Natural desires: Bring back the pleasure gardens

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What's happened to pleasure gardens? Londoners have always loved their gardens, or even window-boxes. Riding the railway on those grand elevated viaducts that were the triumph of the Victorian engineers, endless rows of back-gardens greet the passenger, still mostly spick and span with their Lilliputian lawns and embroidered borders. Victorian builders certainly knew how to pander to a distinctively English taste: take the train into any great French or Italian city, and you pass not through garden plots but flats and courtyards. The garden bug is something special to these islands.

In London it all started as an aristocratic affectation. The English ruling-class was rooted in the soil. The landed gentry loved their country houses ringed by thousands of acres, ideal for huntin', shootin' and fishin'. But by the eighteenth century they had to have their town houses too, in the fashionable West End - for the Town was setting the ton. To make the adjustment, they aimed to preserve the illusion of still being snug in the shires. So, following the motto rus in urbe, they brought the countryside to the town in the form of the great leafy squares that blossomed in Bloomsbury, Mayfair and Marylebone.

And with them, to complete the effect, came not just grass and shrubs but flocks of sheep as well. Critics chortled or carped. The author of Critical Observations on the Buildings and Improvements of London (1771) reckoned that having all those lambs grazing in Cavendish Square was plain silly. 'To see the poor things starting at every coach . . . required a warm imagination indeed, to convert the scene into that of flocks ranging fields, with all the concomitant ideas of innocence and a pastoral life.' It would not do] 'The rus in urbe is a preposterous idea at best.'

Yet it satisfied an English craving, as did the ultra sylvan Regent's Park, flanked by its own Nash hamlets, Park East and West. And equally agreeable was the other new engine of enjoyment, the pleasure garden. Springing up around 1750, Ranelagh (next to Chelsea Hospital) and Vauxhall became the talk of the town, with their lamp-lit avenues, masquerades, conceits, and secret trysts. One could ride in Hyde Park in the morning, and then repair to Ranelagh: here was rurality not only brought to town but refined to boot.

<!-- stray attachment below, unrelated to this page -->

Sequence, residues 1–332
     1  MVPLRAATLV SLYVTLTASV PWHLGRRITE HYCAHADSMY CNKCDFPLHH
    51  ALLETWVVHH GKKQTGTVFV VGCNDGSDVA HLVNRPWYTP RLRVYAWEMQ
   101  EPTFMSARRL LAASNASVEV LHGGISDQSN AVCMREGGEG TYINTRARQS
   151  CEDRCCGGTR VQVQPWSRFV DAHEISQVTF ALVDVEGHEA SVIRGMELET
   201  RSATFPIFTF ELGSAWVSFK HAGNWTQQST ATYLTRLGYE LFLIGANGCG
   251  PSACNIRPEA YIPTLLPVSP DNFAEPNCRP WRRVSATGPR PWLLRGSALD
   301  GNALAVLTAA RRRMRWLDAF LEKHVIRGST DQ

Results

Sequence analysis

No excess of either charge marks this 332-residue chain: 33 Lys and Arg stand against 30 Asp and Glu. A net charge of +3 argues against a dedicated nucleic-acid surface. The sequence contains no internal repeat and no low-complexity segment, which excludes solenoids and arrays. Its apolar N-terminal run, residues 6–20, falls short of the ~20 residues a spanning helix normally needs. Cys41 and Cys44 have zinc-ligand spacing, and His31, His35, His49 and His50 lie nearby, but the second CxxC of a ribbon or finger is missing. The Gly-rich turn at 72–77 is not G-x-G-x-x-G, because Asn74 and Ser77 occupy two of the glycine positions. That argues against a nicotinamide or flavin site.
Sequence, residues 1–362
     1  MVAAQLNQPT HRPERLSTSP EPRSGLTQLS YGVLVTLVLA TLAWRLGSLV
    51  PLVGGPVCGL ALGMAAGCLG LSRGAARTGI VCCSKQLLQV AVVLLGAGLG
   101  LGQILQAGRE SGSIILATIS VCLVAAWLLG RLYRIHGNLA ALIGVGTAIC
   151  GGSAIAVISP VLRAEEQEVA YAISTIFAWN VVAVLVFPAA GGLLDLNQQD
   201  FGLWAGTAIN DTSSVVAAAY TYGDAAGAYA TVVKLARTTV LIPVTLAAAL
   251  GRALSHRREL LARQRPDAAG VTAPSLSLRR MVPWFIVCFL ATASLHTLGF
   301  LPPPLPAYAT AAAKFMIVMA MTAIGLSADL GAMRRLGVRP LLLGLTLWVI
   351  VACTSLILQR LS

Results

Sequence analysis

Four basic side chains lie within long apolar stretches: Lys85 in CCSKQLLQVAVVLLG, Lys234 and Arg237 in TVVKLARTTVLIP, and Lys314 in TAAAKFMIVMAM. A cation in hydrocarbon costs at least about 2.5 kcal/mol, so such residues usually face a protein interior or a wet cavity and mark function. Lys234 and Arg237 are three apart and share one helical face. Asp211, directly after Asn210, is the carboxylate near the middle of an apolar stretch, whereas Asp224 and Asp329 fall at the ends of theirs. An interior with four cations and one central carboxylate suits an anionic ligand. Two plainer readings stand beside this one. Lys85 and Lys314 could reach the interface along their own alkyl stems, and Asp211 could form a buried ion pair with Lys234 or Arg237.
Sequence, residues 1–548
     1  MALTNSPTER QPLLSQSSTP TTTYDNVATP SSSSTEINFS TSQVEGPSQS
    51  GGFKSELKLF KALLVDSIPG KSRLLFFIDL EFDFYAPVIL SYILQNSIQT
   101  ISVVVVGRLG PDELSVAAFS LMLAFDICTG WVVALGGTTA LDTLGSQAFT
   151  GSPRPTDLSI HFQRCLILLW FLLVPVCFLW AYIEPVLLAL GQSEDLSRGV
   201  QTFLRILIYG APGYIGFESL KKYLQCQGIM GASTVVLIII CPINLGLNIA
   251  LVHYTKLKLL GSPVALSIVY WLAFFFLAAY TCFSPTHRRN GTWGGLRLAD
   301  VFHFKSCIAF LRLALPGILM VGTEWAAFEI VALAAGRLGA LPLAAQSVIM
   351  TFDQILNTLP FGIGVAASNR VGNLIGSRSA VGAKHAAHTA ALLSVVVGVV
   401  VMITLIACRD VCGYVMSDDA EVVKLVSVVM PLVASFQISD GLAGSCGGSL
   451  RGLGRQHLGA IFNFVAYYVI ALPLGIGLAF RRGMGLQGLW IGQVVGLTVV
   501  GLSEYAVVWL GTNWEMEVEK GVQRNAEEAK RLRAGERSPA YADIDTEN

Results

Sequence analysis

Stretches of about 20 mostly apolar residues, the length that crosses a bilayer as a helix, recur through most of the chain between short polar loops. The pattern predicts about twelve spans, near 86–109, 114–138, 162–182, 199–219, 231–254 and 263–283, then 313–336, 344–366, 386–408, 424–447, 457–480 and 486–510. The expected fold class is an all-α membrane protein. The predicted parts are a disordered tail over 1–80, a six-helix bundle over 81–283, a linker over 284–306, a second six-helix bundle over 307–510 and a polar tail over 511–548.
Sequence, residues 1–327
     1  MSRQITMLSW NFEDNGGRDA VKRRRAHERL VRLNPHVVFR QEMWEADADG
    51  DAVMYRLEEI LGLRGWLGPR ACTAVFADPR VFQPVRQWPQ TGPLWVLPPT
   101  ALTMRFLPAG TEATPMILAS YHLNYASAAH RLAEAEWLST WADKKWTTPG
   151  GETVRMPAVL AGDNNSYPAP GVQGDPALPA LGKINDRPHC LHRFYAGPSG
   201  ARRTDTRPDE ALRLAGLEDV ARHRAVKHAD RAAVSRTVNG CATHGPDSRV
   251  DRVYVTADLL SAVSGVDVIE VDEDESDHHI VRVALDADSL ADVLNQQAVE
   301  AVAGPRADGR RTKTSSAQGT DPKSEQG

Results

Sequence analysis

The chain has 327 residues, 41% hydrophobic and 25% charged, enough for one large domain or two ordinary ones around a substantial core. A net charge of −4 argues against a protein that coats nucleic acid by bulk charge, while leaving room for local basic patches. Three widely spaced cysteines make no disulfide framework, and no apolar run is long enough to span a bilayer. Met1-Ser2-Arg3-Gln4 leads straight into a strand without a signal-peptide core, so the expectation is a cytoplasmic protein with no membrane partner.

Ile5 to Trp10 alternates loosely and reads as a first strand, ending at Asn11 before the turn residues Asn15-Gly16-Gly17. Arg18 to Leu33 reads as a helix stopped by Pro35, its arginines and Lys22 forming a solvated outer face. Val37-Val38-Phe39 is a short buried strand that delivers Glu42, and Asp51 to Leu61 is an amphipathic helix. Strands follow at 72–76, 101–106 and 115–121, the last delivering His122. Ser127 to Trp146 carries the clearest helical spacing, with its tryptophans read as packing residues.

And imitated too. For Vauxhalls sprang up in all the suburban villages, little pleasure gardens with their fishponds, fireworks and musicians. Perfect for Sunday jaunts were Sadler's Wells in Islington, Kilburn Wells, Bermondsey Spa (now marked by Spa Road), and Hockley-in-the-Hole, Clerkenwell, with its skittle alleys, purgative waters and bear-baiting. Jenny's Whim in Pimlico was celebrated for its mechanical mermaids and flying-fish. All good for a Sunday afternoon frolic.

The Victorian era brought the beginning of the end. Killjoys got to work, closing amusement resorts down, along with Bartholomew Fair, Southwark Fair and most of the other metropolitan fairs, claiming they were sinks of vice. London's fields got built over, and in the process something happened to the pleasure garden: it got privatised. The old public resorts disappeared, but they were (so to speak) parcelled up into everyone's back yard - thus giving free rein to the green-fingered horticultural craze of suburbanites. The form of the pleasure changed, but gardens were still there to divert and delight in Penge, Pinner or deepest Metroland. This century, city gardens gave way to garden cities.

And that takes us to the root of today's problem. Back-gardens were great when everyone had a house. But as flat-dwelling grew more common in the inner city, no compensatory expansion took place in public pleasure spaces. After the great gains of the Victorian age (securing the capital's commons and heaths, carving out Victoria Park, and so forth) the present century has created relatively few new public parks. We're told there's not the ground - but don't believe it: London abounds in derelict acres.

Meanwhile few new commercial developments have made really imaginative use of outdoor urban space - though that's what we've long been promised if the shelved King's Cross redevelopment ever gets off the drawing-board. Docklands, so far, has been a mixed success.

The architects of the 1960s fringed their tower blocks with windy precincts, symbols more of urban pain than pleasure; while the planners preferred clean concrete spaces to the variegated muddle of Nature. Stroll the South Bank from east of the National Theatre, upstream past Westminster Bridge to Lambeth, and how many spaces does one find truly fit for sitting, walking and recreation? Yet the South Bank - Bankside - is the very area that ever since Shakespeare's day had teemed with gardens and taverns, to say nothing of cockpits, theatres and brothels.

Contrary to gloomy prognostications, Covent Garden has been a great success: something for everyone, commercial enough to thrive, informal enough to allow for impromptu events. London remains desperately short of environments good for street life: it could do with many more variations on that city garden.

(Photograph omitted)